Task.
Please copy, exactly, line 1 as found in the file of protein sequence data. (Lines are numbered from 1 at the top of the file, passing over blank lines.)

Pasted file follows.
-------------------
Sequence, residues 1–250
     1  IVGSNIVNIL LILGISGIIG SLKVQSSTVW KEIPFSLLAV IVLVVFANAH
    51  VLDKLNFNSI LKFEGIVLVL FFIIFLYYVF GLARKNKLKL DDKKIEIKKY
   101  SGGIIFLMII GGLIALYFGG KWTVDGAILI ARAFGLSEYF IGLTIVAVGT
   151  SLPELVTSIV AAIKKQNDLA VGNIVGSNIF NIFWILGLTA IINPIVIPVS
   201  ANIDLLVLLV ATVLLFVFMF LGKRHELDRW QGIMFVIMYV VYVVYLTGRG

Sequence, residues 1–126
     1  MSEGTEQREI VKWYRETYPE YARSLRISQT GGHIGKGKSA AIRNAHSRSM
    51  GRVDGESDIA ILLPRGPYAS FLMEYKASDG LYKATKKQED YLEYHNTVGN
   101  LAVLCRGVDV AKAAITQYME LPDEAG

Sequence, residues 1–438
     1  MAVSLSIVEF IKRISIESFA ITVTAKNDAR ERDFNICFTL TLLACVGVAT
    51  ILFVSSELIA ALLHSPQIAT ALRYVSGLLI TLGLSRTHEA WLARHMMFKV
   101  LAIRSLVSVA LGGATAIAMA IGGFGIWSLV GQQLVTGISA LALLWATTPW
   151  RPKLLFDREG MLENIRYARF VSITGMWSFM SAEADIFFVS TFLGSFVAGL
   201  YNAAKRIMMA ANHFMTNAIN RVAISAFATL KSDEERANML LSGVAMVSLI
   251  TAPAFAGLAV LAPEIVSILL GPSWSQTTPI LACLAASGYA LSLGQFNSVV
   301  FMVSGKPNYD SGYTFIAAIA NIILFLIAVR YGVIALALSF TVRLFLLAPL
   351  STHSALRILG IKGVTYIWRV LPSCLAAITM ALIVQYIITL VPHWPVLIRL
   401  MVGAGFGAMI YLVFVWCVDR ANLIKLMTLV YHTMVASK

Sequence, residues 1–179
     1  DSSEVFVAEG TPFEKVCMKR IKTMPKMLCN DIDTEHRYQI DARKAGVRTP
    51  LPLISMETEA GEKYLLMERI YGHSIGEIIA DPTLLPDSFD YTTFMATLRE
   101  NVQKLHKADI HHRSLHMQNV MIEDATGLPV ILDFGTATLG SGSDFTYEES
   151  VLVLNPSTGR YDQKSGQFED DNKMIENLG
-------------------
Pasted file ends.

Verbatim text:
Sequence, residues 1–250